Once threatened by disease and predators and experiencing massive population declines in the 1990s, the tiny channel island foxes off the coast of Southern California (Urocyon littoralis) were saved from extinction in 2016 by the Endangered Species Act.
Unfortunately, a team of scientists led by the University of Southern California (USC) has now found that this species is now facing another threat which could possibly jeopardize their survival and the biodiversity of their habitats: a marked decrease in their genetic diversity.
“The findings of this study highlight the alarming fact that the foxes currently inhabiting six of the Channel Islands possess extremely low genetic diversity, rendering them potentially more susceptible to dangers such as disease outbreaks and climate-induced environmental shifts,” said senior author Suzanne Edmands, a professor of Biological Sciences at USC.
As the largest native land animals on the Channel Islands, these bushy-tailed, big-eared foxes play a critical role in regulating plant and animal populations, by feeding upon a variety of food sources, such as fruit, insects, snails, lizards, birds, and rodents. In fact, many plant species heavily rely on channel island foxes to distribute their seeds through their scat.
“The importance of these animals to the overall biodiversity of the island can’t be over-emphasized. Without them, we could lose other species as well,” Edmands said.
By comparing historic museum specimens and modern blood samples, the experts discovered that the foxes exhibited an extremely low genetic variation even before their population declines. This variation has further dropped since their population numbers fell, particularly on the islands of San Miguel and Santa Rosa. Other islands, such as Santa Cruz and Santa Catalina, where populations fell moderately, displayed mixed changes in genetic diversity metrics.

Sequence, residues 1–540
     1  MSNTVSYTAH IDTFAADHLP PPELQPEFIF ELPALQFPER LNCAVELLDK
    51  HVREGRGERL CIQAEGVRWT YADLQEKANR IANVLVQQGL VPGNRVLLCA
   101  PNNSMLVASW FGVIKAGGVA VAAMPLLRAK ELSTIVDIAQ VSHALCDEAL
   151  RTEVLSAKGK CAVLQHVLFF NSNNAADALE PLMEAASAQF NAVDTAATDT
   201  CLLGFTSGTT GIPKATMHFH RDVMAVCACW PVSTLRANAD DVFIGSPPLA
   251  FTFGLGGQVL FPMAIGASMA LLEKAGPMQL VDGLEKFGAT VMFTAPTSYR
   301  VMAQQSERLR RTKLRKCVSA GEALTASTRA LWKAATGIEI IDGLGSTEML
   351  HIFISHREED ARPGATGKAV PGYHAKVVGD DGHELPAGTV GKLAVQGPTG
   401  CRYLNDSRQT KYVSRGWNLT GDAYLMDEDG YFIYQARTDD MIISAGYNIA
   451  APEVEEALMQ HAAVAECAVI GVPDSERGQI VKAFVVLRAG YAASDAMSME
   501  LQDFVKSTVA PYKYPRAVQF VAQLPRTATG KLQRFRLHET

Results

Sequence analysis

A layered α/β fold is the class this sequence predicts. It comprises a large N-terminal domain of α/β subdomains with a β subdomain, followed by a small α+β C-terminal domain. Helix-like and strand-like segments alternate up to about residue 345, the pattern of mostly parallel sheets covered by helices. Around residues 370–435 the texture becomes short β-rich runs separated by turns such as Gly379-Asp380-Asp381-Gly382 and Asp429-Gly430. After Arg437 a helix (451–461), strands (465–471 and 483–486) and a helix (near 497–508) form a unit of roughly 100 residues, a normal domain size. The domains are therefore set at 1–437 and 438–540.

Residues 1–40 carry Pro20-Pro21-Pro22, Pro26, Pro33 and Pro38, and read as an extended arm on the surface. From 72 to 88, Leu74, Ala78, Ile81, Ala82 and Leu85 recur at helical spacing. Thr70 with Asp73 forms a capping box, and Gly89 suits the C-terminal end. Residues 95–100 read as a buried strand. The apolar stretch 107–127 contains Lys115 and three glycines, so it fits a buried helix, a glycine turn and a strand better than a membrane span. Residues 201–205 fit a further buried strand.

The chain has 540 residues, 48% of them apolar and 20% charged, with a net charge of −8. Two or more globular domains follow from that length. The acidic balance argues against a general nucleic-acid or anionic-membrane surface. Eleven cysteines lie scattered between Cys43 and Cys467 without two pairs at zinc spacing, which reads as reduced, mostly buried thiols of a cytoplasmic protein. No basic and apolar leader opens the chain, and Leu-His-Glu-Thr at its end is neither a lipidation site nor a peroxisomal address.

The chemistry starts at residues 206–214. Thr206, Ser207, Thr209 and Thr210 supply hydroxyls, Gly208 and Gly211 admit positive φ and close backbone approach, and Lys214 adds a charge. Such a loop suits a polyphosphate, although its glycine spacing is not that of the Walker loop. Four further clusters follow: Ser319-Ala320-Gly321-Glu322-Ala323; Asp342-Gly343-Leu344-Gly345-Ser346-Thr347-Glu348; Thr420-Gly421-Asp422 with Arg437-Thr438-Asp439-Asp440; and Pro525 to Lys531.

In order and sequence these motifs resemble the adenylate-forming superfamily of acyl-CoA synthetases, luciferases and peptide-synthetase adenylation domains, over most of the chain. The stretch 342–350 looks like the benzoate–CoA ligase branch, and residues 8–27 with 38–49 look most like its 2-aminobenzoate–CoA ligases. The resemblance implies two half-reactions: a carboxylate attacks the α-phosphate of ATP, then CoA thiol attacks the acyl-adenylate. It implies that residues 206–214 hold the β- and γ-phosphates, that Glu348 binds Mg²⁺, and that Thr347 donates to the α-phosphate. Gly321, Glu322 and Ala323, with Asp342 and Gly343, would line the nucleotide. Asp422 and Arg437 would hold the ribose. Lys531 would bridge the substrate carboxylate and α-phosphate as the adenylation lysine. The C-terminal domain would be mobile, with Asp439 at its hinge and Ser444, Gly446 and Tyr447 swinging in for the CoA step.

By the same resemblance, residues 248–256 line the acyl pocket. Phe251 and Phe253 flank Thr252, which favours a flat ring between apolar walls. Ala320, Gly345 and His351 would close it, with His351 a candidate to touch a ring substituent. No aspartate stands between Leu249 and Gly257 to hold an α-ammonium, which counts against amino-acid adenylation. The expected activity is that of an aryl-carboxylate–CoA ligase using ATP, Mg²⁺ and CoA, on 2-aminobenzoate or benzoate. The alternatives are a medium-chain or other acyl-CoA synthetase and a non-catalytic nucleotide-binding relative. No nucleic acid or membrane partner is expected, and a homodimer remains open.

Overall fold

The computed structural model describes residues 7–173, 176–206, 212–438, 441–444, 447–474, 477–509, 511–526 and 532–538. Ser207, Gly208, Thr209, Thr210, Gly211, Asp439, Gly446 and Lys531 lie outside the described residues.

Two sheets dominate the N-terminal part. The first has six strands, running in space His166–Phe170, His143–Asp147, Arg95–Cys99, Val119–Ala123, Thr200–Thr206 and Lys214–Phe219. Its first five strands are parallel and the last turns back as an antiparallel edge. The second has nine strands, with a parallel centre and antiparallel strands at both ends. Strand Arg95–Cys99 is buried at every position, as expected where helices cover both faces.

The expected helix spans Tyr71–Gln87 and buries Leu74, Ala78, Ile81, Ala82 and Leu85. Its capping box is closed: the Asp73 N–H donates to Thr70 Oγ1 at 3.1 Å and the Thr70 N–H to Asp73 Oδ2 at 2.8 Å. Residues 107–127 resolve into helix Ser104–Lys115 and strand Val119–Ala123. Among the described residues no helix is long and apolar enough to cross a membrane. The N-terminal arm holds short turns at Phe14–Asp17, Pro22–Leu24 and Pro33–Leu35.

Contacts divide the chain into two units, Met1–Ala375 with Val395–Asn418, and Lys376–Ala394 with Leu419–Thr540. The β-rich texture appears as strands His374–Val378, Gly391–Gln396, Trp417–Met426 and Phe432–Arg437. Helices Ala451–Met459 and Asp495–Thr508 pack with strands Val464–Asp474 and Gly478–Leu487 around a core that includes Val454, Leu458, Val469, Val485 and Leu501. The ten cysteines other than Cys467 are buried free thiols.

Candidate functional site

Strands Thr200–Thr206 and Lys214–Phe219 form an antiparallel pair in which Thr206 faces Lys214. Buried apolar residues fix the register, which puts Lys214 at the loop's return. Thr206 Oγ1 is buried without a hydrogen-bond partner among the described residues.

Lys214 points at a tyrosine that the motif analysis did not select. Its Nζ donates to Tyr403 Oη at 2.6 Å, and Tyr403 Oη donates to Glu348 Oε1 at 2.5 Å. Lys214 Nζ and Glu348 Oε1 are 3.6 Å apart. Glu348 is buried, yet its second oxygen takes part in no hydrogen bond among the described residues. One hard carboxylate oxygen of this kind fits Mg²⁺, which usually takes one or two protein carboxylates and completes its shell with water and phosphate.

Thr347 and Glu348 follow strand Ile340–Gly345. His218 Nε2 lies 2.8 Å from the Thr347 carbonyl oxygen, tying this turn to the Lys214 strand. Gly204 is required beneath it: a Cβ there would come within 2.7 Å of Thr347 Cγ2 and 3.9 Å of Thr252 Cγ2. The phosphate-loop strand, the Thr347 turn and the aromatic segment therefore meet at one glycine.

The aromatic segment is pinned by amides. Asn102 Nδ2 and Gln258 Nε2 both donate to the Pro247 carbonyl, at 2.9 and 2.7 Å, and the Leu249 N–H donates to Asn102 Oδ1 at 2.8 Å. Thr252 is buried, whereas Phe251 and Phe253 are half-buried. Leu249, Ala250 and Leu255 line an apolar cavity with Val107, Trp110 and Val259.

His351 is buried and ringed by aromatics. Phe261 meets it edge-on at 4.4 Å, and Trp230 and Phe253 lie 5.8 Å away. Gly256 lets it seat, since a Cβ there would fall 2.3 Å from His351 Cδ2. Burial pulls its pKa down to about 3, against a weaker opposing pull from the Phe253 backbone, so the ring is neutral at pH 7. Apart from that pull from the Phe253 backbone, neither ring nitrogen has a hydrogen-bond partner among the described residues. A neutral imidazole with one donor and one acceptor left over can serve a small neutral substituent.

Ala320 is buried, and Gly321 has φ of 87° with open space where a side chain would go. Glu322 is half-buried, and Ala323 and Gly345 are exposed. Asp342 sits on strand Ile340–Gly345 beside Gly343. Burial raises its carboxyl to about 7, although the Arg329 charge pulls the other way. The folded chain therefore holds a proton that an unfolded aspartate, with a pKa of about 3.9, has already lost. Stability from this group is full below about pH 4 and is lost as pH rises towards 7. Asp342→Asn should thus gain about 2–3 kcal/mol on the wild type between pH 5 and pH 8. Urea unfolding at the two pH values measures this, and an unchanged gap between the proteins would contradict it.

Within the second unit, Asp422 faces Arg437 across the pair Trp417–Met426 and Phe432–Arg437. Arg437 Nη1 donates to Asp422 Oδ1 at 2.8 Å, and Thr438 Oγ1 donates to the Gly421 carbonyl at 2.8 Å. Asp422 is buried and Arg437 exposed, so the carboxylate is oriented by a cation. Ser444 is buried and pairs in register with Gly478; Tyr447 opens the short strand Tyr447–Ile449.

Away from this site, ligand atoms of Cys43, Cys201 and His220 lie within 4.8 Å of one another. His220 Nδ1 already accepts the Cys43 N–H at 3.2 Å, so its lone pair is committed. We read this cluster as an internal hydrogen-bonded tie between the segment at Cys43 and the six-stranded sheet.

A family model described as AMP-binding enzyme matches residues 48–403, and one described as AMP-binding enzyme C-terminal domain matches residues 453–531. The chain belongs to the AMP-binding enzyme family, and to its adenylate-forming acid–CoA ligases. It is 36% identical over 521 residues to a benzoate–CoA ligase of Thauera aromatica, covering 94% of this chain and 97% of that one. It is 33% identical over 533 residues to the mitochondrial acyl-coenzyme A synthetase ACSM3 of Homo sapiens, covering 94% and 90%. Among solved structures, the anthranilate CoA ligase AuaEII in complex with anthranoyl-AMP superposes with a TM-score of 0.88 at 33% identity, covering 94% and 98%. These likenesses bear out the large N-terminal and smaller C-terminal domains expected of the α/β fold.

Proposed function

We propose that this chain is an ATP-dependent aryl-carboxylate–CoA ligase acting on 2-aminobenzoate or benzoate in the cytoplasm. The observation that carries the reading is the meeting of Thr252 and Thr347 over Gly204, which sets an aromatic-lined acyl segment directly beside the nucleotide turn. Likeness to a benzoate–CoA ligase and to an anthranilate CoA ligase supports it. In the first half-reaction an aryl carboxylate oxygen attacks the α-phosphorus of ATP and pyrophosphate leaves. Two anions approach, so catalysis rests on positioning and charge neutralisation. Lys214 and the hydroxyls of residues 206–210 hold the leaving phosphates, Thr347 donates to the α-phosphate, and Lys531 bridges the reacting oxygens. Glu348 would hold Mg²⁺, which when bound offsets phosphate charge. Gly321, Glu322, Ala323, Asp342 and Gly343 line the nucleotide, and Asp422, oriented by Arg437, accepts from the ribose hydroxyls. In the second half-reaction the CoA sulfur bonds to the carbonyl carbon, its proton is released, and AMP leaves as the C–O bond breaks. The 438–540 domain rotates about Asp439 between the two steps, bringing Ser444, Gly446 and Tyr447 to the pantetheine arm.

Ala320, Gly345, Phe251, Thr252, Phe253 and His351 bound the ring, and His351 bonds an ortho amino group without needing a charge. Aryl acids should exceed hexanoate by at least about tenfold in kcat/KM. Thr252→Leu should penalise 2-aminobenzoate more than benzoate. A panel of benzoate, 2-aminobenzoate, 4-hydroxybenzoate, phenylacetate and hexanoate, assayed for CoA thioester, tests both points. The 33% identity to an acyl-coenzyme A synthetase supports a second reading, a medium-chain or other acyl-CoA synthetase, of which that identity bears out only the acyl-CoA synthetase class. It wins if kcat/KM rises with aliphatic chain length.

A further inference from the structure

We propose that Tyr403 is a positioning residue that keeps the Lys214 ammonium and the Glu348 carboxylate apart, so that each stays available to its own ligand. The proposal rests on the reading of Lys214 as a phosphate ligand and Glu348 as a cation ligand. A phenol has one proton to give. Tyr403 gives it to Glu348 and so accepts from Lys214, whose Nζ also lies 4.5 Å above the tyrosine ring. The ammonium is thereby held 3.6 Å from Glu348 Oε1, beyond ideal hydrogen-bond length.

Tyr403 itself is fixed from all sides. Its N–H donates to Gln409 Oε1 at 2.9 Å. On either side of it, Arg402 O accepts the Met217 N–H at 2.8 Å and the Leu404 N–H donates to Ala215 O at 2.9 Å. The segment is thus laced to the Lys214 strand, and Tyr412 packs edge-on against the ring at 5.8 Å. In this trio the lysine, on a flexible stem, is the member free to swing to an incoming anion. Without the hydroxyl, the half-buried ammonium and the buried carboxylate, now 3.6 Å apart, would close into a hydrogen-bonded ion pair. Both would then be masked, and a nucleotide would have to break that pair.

Although placing the channel island foxes on the endangered species list from 2004 to 2016 played a major role in their population recovery – with increase from 100 specimens to over 2,000 on Santa Catalina, and from 15 to 1,200 on Santa Rosa – their low genetic diversity continues to hinder their ability to adapt to future challenges, such as climate change and introduced diseases.
However, the researchers also discovered a reasonably good diversity within the foxes’ gut microbiome, which helps boosting immunity and well-being. “This discovery suggests that the foxes may have developed an alternative mechanism to cope with changing environmental conditions,” Edmands explained.
The analysis also revealed an increased divergence between the six islands over time, a feature complicating the possible conservation strategy of moving channel island foxes between islands to increase genetic variation. Such a method could inadvertently disrupt local adaptation by producing offspring that are less fit and adapted to their specific environments.
Due to their limited capacity to respond to new challenges, long-term monitoring of their populations is crucial, including non-invasive monitoring by sequencing bacterial communities in their scat.
“The recovery of the channel island foxes population numbers is an incredible conservation success, but their fragile genetic condition means that continued vigilance is critical to ensure their survival,” Edmands concluded.
The study is published in the journal Molecular Ecology.